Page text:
Calm returns after clashes in Lebanese camp
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Calm returned after heavy clashes erupted between Islamic militants and fighters of the mainstream Fatah faction in the densly populated Ain al-Helweh Palestinian refugee camp in southern Lebanon.
Quiet descended upon a Palestinian refugee camp in Lebanon on Saturday after a ceasefire between Islamic militants and fighters of the mainstream Fatah faction ended heavy clashes, a Fatah official said.
Rival fighters exchanged rocket fire for four hours into the evening in the main street in the densely populated Ain al-Helweh camp outside the southern port city of Sidon, prompting hundreds of civilians to flee.
Gunshots were subsequently heard in Sidon itself, with a Fatah leader saying at least four people had been wounded in the clashes with Jund al-Sham (Soldiers of Damascus) militants.
"There is a ceasefire ... the regrettable clashes that took place have ended" following mediation by another Islamist group, Fatah official Mounir al Makdah told AFP.
He said the Jund al-Sham fighters would leave the camp in the following hours and Fatah security agents would take control, with civilians which fled welcome to return on Saturday morning.
"There won't be a second Nahr al-Bared at Ain al-Helweh," said Makdah, referring to the three months of fierce fighting between Lebanese army and Fatah al-Islam militants that destroyed that Palestinian refugee camp in northern Lebanon.
Makdah could not specify whether the wounded were civilians or fighters, and had no information on anyone being killed in the clashes.
There was no information immediately available from Jund al-Sham.
A Lebanese army spokesman had said that the fighting had been confined to the camp and that troops, which by longstanding convention do not enter Lebanon's dozen refugee camps, had not got involved.
The Lebanese army blocked the entrance to the camp, while allowing civilians to leave.
An AFP correspondent said over 100 Palestinian families fled the camp to take refuge in nearby Sidon.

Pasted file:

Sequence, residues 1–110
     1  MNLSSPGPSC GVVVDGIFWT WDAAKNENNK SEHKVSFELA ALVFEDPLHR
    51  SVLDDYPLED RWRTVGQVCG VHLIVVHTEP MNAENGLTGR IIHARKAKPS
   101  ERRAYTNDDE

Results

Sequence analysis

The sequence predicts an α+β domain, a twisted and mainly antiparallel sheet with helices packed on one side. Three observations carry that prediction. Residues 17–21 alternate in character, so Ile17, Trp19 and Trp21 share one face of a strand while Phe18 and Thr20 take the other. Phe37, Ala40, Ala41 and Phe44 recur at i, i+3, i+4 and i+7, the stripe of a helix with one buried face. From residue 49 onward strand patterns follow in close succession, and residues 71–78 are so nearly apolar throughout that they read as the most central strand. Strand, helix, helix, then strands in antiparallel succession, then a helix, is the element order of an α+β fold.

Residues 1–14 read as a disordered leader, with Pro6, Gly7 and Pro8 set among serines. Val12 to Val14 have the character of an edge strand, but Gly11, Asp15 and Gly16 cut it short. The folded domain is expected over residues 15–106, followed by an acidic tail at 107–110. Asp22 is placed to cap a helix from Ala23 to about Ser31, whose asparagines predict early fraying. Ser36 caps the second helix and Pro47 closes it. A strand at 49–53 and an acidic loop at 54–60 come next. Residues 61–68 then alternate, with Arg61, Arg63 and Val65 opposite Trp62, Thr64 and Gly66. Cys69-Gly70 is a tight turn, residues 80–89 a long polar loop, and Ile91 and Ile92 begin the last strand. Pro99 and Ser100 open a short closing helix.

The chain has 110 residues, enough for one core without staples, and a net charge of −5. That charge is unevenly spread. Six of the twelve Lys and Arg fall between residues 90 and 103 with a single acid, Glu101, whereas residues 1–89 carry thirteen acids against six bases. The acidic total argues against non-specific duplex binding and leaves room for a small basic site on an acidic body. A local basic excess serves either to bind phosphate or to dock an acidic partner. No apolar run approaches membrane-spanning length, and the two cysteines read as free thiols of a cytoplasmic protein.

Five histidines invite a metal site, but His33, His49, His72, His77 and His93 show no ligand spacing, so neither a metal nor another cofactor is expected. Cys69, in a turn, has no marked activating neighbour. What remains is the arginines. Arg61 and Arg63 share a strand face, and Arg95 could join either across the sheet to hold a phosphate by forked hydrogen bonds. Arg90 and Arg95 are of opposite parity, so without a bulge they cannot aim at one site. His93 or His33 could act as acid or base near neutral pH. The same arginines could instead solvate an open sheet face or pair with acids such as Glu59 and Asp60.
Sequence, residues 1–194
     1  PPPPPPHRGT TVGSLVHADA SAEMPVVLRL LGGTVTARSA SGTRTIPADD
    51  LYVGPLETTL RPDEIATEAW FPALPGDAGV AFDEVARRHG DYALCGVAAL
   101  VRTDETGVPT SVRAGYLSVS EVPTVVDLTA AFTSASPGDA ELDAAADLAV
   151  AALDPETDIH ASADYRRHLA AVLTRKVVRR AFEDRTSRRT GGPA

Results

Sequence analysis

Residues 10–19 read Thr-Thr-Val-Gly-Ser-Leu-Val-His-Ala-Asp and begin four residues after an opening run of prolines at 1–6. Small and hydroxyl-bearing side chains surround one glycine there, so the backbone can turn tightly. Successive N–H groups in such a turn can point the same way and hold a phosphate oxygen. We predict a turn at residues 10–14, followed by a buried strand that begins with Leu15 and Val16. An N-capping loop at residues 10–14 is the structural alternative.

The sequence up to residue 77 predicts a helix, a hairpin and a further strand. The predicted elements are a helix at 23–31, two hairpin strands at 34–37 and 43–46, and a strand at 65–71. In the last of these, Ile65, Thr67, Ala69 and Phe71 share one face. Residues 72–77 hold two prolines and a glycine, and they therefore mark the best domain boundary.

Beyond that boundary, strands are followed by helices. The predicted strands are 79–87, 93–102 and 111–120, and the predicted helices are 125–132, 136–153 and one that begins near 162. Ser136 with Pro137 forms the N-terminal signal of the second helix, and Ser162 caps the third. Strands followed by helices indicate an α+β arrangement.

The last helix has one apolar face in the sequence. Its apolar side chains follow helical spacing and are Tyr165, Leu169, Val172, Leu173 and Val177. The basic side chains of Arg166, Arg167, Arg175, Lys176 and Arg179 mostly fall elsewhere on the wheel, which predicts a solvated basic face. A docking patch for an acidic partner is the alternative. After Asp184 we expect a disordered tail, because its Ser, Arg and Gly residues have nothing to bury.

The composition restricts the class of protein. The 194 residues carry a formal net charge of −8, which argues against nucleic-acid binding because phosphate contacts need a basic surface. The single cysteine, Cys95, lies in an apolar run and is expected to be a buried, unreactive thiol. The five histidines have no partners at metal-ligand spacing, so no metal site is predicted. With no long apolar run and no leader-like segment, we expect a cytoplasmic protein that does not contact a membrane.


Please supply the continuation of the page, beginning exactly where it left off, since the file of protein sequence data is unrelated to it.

The correspondent added that entire families took refuge in a neighbouring mosque, while others hid in cars which they had managed to take out of the camp, home to some 45,000 people.
Women and children sat forlorn on the pavements as others headed for Sidon.
A Palestinian official said that the militants of the Jund al-Sham (Soldiers of Damascus) had been angered by Fatah's seizure of a commander of the group and his handover to the Lebanese army.
"Yesterday (Thursday) the Fatah organisation in the camp kidnapped a member of Jund al-Sham named Samir Maarouf who is accused of carrying out bomb attacks inside the camp and outside," a Palestinian official told AFP asking not to be identified.
"The Fatah forces handed over Maarouf to the Lebanese army," the official said, adding that the captive was suspected of links to militant groups outside Lebanon.
Jund al-Sham, which has no clear hierarchy or particular leader, is believed to have about 50 militants armed with assault rifles, mortars and rocket-propelled grenades.
Its fighters joined Fatah al-Islam's fight against Lebanese troops in the Nahr al-Bared camp last year.
The group's name refers to the ancient Islamic term of Bilad al-Sham, a region which covers Syria, Lebanon, Jordan, Israel and the Palestinian territories.
Its members are mostly Lebanese, many of whom fought against the army during an Islamist rebellion that broke out on New Year's Eve in 1999 in the predominantly Sunni area of Dinnieh in north Lebanon and left 45 people dead.
The Sunni group also includes Palestinians, mostly dissidents of the fundamentalist Usbat al-Ansar (Band of Supporters), which was outlawed by Lebanese authorities in 1995 for murdering a rival cleric.